The production of surplus value is a direct function of the duration of the social working day. This social working day is nothing more than a mass of productively employed workers times the average number of hours of labor. Maximizing the production of surplus value means maximizing 1. the average hours of individual labor and 2. the total mass of labor power employed. How, on this basis, can it be asserted that full employment threatens the system of employment?
The statement really asserts is that full employment is not, somehow, the actual and real goal of fascist state policy. As proposed by some, this argument suggests the fascists don’t really want full employment because full employment, if it were ever realized, would reduce competition among workers. The attenuation of competition among the working class would facilitate increased organization of the workers and aid in their struggle to raise wages. This is the sort of thinking that makes Kalecki so popular among the Left right now. [In fact, we find the opposite is true: the decline of unions has occurred side by side with states setting the aim of full employment.] (See comments below)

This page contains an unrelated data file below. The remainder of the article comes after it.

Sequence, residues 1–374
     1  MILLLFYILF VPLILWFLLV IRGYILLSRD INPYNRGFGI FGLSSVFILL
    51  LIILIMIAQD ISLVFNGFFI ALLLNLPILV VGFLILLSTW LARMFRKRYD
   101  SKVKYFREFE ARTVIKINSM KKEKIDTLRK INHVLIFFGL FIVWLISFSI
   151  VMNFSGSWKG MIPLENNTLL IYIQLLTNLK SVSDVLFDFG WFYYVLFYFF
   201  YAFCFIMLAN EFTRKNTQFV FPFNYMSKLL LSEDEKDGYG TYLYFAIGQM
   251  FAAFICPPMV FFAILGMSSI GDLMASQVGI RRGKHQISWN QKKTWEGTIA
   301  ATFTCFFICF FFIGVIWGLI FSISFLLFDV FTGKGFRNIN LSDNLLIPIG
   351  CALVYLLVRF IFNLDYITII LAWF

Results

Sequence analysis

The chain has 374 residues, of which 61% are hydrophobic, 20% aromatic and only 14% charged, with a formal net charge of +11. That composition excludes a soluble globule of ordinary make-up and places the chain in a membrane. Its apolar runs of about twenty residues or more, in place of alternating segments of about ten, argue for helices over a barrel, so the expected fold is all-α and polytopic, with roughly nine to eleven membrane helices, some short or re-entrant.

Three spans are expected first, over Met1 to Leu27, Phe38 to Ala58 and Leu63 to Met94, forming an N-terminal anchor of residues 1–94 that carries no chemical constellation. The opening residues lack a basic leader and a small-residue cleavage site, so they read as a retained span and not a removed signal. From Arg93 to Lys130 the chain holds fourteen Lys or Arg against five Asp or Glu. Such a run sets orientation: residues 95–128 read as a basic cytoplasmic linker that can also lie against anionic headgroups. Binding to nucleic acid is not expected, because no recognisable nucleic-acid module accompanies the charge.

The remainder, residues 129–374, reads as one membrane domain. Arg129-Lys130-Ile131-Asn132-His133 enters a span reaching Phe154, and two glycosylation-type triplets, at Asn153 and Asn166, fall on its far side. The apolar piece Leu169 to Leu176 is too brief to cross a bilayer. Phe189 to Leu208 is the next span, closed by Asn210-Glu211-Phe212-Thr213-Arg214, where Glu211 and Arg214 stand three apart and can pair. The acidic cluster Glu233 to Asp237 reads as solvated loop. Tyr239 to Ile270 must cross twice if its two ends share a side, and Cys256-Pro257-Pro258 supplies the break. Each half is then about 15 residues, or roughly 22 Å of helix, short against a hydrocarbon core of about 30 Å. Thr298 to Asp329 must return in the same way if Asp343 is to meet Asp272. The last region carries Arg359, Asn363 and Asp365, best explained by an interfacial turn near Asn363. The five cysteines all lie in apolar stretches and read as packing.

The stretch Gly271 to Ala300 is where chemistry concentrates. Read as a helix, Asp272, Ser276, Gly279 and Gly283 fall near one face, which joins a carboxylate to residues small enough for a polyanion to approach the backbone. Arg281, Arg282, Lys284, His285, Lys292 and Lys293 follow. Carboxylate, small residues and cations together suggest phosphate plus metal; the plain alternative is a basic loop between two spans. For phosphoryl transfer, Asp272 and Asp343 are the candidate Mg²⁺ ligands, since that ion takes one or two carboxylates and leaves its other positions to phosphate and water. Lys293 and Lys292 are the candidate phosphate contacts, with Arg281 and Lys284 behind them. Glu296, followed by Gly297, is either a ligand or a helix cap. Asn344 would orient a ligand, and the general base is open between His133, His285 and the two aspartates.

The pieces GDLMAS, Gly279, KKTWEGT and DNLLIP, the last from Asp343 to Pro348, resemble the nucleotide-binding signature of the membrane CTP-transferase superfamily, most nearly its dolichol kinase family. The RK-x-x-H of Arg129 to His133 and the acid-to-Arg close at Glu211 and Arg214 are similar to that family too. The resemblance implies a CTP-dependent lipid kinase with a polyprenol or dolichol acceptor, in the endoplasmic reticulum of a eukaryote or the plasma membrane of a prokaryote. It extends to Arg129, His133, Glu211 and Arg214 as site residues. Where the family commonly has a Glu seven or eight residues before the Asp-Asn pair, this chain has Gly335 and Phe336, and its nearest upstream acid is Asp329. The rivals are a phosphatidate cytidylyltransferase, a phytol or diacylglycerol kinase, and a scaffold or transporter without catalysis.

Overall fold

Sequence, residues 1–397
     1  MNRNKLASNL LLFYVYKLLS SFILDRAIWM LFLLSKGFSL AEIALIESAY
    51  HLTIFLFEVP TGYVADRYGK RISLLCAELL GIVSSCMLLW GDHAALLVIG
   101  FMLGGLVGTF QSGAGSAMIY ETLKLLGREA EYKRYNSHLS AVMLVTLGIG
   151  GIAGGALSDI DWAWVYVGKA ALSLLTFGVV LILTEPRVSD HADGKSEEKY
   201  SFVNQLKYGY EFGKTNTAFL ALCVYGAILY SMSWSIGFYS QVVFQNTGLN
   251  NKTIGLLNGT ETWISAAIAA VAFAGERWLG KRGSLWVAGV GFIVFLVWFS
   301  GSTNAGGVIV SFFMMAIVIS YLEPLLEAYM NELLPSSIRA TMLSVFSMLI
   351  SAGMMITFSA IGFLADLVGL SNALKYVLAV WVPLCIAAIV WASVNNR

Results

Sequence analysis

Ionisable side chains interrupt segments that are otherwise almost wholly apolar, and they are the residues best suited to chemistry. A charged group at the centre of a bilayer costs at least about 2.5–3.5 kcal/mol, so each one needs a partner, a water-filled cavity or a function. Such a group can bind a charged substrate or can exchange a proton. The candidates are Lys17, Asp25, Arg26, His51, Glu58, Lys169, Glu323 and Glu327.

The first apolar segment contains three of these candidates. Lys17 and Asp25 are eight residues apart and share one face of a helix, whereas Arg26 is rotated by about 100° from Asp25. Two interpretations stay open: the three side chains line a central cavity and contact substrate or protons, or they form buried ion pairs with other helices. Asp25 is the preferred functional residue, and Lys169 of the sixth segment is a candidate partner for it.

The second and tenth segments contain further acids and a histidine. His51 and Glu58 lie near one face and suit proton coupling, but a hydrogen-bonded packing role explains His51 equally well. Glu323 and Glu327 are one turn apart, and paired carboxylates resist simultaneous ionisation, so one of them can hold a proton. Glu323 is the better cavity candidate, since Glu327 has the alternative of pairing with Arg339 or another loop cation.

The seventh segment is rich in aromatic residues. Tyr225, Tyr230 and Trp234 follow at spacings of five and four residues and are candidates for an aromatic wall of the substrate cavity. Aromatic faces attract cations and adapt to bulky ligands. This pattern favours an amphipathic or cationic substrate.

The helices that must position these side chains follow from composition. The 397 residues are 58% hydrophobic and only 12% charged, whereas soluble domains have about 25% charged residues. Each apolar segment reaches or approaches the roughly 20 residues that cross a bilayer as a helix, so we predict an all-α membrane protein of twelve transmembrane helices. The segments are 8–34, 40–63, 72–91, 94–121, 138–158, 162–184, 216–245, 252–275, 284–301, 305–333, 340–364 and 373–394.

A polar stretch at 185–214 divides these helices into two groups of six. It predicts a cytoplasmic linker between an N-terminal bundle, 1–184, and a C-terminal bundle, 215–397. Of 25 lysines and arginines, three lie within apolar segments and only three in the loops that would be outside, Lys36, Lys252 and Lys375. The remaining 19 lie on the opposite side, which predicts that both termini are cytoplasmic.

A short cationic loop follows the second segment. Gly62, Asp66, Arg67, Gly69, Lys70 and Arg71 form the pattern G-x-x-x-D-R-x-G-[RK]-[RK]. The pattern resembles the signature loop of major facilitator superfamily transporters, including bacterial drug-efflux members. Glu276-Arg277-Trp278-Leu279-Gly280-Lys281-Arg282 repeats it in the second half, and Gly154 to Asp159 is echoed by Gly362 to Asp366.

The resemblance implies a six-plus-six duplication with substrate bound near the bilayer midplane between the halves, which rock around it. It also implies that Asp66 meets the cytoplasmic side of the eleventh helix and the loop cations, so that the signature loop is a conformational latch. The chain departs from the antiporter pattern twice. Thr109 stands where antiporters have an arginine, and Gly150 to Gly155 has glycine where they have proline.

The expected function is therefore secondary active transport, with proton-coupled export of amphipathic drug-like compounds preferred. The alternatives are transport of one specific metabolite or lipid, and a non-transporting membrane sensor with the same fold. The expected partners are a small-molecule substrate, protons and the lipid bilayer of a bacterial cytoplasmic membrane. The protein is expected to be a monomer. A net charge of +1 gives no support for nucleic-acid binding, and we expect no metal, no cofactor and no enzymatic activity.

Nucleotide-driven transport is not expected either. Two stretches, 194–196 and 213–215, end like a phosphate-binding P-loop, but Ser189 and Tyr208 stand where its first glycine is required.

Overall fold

As the recent debt ceiling fiasco showed, without active fascist state intervention, there would be massive unemployment. The fascist state is not preventing full employment but is spending massive sums precisely to the maintain and increase the current level of employment. Estimates are that the 2009 Obama stimulus cost anywhere between $185,000 to $4.1 million for each job actually created. All told, since 2008, Washington has run almost $6 trillion of new debt just to keep the economy from falling off the cliff. Additionally, the Federal Reserve Bank is currently pumping newly created currency into asset markets at an annual rate of a trillion dollars to prevent nominal devaluation of asset prices. A brief survey of economic policy literature demonstrates that the problem of stimulating “full employment” is the principal concern in Washington at present. If, despite all this, there is still considerable unemployment, this is not to be explained by the lack of effort on the part of the fascists.